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Is she the Goddess of  the E-meter?

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6d.gif (1616 bytes)emeter, her name means mother, and she is the Mother Goddess of antiquity, though linguistically, Corn Goddess may be more apt. In the Dorian and Aeolic dialects she is Damater.  The daughter of Cronos and Rhea, the Romans associated her with Ceres, and she became intimately associated with that staple crop, Corn.

The very food of humankind was known as the 'groats of Demeter'. At the time of seeding, the peasant prayed to Demeter, and celebrated the harvest in her name, for it is Demeter who fills the barns. Images show her in a wreath of corn ears, and she carries more of them in her hand. Demeter means 'mother earth', both in its fertile aspect and as a resting place for the dead (often known in Greece as 'Demeter's people').

In the Iliad, 'blond Demeter', separates fruit and chaff 'in the rushing of the winds'. Her role with corn was naturally extended to corn and flour which is equivalent to Wealth, and her son Plutos (Ploutos), 'sired on a thrice-ploughed corn field', became that attribute.

Her daughter, Kore (the Girl) took on many of the same characteristics of her mother, and the two became almost as one, the Two Goddesses, or even the Demeteres. Kore  is Persephone (Pherrephatta, in Attic). She is the girl-like daughter of the Corn Goddess, and Mistress of the Dead, wife to Hades himself. In a striking image related to the Eleusian Mysteries, Demeter is shown seated on a sacred basket containing a snake. With her is Persophone - she who dies and is resurrected. Demeter holds a torch - her's is held upwards, signifying life (and purification). Persophone's is held downwards, representing the lower regions. As in Celtic mythology, where cattle were driven between fires at Beltane, so here fire also represents the purification - here of our higher and lower natures. Kore was identified as the power within the corn itself. Triptolemus was initiated by Demeter and Persophone and was believed to be the first man to sow Corn.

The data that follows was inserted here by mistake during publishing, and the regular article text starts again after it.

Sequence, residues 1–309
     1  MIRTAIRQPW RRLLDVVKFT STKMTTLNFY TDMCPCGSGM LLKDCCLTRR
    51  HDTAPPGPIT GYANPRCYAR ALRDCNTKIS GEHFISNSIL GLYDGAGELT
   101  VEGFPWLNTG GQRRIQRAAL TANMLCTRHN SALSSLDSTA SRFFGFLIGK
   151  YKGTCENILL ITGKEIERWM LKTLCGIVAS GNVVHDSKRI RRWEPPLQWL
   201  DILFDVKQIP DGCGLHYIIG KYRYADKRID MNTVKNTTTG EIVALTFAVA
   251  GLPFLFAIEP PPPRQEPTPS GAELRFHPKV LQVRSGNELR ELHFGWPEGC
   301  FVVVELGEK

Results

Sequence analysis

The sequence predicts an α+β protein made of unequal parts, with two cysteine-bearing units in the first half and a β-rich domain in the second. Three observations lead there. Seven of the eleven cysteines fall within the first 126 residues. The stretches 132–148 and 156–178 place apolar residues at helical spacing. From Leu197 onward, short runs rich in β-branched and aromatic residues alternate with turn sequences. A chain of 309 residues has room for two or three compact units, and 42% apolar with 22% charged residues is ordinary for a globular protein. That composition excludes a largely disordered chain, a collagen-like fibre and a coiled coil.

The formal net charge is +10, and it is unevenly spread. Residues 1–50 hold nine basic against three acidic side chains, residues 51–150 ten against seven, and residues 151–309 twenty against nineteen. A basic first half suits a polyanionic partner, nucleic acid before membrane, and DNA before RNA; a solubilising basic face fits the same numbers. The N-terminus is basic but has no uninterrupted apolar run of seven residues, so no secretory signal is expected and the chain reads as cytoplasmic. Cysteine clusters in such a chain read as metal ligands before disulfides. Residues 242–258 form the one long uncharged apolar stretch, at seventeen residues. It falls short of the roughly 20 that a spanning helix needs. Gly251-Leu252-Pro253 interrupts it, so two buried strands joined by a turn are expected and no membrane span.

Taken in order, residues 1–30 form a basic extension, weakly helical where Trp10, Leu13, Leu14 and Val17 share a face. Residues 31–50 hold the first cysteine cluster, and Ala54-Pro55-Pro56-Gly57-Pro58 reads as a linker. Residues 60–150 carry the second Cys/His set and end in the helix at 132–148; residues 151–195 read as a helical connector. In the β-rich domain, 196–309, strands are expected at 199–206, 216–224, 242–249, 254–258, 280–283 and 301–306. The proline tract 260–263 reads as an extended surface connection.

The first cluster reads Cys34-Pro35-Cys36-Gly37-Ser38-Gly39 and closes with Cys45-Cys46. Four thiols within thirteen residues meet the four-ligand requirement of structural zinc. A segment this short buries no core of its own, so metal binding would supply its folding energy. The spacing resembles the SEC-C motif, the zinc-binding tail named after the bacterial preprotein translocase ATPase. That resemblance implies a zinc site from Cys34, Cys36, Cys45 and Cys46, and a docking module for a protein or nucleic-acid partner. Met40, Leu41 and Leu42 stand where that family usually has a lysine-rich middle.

Demeter's association with the horse almost certainly derives from the Arayans, and their Mother Dã, who seems to have merged with the much older Mother Goddess cults that they found as they travelled ever further south. This link became manifest particularly at Eleusis, where Demeter and Persophone reached high divine status. Her rites were celebrated there each Autumn, with music and dancing re-enacting the loss and discovery of her daughter.

By Poseidon, Demeter bore the foals Arion and Pegasus, and a daughter who became identified with Persophone, though Hesiod gives Zeus as her father.

Eleusian Mysteries


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Useful Web sites


Robert Graves, Greek Myths

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last updated : 18th February 2003
© Phillip J. Brown (1998 - 2003)

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